We all know that just having a website, no matter how great, is not enough to make sales in the automotive industry. LEARN MORE
You’ve invested in a great new dealer website; your job is done, right? Wrong. Although 61% of phone and email leads go on to purchase vehicles (Experian), many dealers still neglect to follow up with their email leads. Your automotive website is doing half the job by providing the lead, now you need trained staff to follow up and nurture them to close the sale. That’s where a Business Development Center (BDC) comes in. Although a BDC is now considered a must by many dealers, some are still resistant. Why? It often comes down to a culture clash.
The traditional sales department is comprised of staff that can be regarded as “hunters.” These are the traditional auto sales types who are not effective following up with potential customers beyond a few days. Hunters are at their best when interacting with the “live” or walk-in customer; performance with telephone customers or email leads is usually inconsistent.
The BDC employs people that are akin to “farmers,” willing to follow up with potential customers more diligently and for a much longer period of time. While farmers do not fit the “typical” car dealer profile, in the age of digital automotive marketing, it’s more important than ever to add staff whose specialty is converting long-tail prospects like email leads.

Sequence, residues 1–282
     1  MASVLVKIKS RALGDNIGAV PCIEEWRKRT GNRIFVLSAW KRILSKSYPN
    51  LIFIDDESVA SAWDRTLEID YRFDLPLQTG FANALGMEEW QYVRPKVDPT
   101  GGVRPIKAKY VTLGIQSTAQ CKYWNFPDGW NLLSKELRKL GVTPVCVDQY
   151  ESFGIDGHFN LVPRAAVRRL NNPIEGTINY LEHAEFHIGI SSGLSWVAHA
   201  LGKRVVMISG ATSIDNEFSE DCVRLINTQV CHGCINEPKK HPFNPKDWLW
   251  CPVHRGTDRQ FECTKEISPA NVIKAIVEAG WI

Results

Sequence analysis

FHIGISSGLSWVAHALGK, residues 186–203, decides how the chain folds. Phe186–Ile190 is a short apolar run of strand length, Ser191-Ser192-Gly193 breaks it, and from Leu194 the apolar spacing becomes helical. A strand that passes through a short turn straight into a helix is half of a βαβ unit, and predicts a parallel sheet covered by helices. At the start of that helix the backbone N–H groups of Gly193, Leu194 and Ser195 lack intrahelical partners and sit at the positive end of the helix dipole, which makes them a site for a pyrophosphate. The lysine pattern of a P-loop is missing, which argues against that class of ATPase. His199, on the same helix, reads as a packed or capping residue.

The bottom line? You need both in your dealership to be successful. Here’s how to integrate farmers into the fold.
Remember - there is not a “one size fits all” solution when a dealership chooses a BDC. The BDC’s operational strategy and structure will determine everything from the type of person hired to their responsibilities to how they and their department is measured once fully operational. However, here are some general guidelines that may be helpful in establishing your BDC department.
A dealership must first determine the BDC’s purpose and scope. Some tasks that can be diverted to the BDC include:
1. Dealer website leads
2. Phone Up clients
3. Follow Up with Unsold Showroom Traffic
4. Lease & Finance maturity prospects
5. Service Customers
It is important to define the responsibilities that will shift to the BDC and those that will remain for traditional sales staff.
Like most dealers, you are probably thinking, “Where am I going to find these people?”Crawl, walk, run! You can take it in phases. Most dealerships start out by moving control of the dealer website and reassigning incoming phone calls to the BDC. This allows you to move at your speed. You probably have one or two Internet sales consultants monitoring your automotive website and setting appointments, then you can easily find and train one or two people to handle incoming phone ups.
Now put a pencil to it, Mr. Dealer - divide how many Internet-based sales you are making today by the number of email leads you are getting from your dealer website. Those leads are money left on the table-a BDC center is the key element to convert those sales.